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Civil Procedure Fall 2014

Case Note: Hanna

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Excerpt from The Process of Making Process: Court Rulemaking, Democratic Legitimacy, and Procedural Efficacy by Robert G. Bone

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Introduction

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The ideal of nationally uniform procedural rules promulgated by the Supreme Court after consideration by expert committees—commonly known as “court rulemaking”—has been the cornerstone of civil rulemaking in the federal courts since adoption of the Rules Enabling Act in 1934. …

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I. The Court Rulemaking Model 

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Civil rulemaking for the federal courts illustrates the core features of the court rulemaking model—centralized rulemaking by courts relying on the expertise of committees and aimed at creating uniform, general, and systemically integrated rules. The Supreme Court has the power to “prescribe general rules of practice and procedure” for the federal courts, and the Judicial Conference of the United States has the authority to recommend rule changes to the Supreme Court.The Judicial Conference in turn oversees a committee structure that includes a Standing Committee on Rules of Practice and Procedure appointed by the Chief Justice of the Supreme Court and various advisory committees accountable to the Standing Committee. The Advisory Committee on Civil Rules, which consists of judges, lawyers, and legal academics, is responsible for the Federal Rules of Civil Procedure.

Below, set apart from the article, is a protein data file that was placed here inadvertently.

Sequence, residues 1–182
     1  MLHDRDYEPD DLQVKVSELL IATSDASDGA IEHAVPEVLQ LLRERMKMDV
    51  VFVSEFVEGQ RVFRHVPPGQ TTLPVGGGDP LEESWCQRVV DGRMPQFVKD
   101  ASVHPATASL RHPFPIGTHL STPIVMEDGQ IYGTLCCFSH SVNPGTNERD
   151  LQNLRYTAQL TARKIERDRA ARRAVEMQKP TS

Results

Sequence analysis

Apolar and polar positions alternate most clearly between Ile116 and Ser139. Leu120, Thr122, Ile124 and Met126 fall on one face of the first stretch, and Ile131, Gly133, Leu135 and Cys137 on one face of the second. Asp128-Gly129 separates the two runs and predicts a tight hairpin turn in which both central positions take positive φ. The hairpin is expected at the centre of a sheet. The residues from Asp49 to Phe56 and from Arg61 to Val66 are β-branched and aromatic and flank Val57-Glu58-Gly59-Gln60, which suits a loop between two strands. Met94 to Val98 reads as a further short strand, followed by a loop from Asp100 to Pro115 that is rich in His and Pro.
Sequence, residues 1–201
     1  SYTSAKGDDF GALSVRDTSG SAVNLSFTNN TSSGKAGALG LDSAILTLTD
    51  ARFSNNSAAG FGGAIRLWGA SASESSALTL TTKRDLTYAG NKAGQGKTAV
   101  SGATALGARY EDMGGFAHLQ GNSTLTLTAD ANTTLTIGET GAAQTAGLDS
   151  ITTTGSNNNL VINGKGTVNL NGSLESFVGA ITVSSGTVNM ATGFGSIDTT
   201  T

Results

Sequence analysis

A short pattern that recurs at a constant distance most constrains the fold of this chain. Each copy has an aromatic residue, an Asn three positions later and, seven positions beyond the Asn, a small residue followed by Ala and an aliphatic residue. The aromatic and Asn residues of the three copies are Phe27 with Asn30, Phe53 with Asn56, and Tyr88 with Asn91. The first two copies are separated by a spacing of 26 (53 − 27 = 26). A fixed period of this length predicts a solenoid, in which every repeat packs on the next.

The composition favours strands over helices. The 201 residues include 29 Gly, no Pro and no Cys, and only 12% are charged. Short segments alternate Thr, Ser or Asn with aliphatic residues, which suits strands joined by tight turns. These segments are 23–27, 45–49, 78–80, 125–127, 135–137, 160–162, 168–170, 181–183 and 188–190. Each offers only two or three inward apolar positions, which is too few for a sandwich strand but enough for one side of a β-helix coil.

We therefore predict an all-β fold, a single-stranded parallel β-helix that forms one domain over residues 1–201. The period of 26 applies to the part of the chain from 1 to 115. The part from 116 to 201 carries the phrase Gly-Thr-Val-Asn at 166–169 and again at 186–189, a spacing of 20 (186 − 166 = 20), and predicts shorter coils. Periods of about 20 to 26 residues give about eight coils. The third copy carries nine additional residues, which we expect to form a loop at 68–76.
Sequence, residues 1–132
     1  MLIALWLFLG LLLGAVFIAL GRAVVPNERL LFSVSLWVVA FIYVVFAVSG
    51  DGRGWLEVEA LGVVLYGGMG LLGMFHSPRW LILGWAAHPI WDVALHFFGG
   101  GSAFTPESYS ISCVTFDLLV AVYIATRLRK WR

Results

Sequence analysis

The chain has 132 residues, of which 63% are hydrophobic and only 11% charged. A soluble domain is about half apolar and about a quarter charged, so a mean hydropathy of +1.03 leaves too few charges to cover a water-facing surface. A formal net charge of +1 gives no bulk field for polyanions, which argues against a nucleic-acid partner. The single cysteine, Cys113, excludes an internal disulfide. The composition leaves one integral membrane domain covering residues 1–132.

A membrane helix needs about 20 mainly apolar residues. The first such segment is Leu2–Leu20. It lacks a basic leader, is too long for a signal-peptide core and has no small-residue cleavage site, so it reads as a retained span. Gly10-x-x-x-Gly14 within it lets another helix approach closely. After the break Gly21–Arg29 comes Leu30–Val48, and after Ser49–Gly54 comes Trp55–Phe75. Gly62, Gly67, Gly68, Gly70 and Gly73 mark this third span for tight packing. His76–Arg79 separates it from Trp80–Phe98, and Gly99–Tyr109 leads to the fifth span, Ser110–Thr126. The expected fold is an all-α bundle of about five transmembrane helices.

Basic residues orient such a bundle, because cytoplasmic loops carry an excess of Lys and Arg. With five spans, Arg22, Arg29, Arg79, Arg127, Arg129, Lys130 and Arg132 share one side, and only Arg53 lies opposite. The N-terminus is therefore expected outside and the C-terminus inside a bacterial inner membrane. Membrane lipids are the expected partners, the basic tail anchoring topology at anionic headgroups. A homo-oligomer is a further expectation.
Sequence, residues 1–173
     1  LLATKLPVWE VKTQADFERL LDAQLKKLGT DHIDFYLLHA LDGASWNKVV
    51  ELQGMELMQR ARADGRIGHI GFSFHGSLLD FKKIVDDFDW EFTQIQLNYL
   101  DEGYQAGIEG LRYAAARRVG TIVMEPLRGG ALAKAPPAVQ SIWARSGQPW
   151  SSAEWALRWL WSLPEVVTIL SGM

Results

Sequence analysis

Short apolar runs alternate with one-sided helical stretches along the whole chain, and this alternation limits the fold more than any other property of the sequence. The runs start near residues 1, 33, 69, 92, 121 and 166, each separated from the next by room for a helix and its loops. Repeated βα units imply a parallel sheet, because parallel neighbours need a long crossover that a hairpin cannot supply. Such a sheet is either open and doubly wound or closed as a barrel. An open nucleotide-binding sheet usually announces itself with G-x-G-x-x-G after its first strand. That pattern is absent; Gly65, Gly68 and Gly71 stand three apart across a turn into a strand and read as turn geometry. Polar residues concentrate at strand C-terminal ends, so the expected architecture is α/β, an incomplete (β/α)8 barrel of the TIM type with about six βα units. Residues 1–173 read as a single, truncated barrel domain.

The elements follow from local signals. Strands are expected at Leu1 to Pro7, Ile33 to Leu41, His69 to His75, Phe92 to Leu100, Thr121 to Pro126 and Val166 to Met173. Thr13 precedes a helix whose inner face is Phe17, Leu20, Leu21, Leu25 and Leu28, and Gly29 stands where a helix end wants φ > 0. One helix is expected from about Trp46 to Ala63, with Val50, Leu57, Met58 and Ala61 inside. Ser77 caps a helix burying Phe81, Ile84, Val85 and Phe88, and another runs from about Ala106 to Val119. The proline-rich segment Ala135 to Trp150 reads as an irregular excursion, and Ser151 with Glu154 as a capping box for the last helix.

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There are several stages in the rulemaking process. A proposed rule is first considered by the Advisory Committee. If the Advisory Committee approves the proposal, it is then reviewed by the Standing Committee and finally by the Judicial Conference before being forwarded to the Supreme Court. If the Supreme Court concurs, the proposal is transmitted to Congress, which then has roughly seven months to exercise a veto. In the absence of a veto, the proposed rule goes into effect. 

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Robert G. Bone, The Process of Making Process: Court Rulemaking, Democratic Legitimacy, and Procedural Efficacy, 87 Geo. L.J. 887, 888-92 (1999) (Footnotes omitted).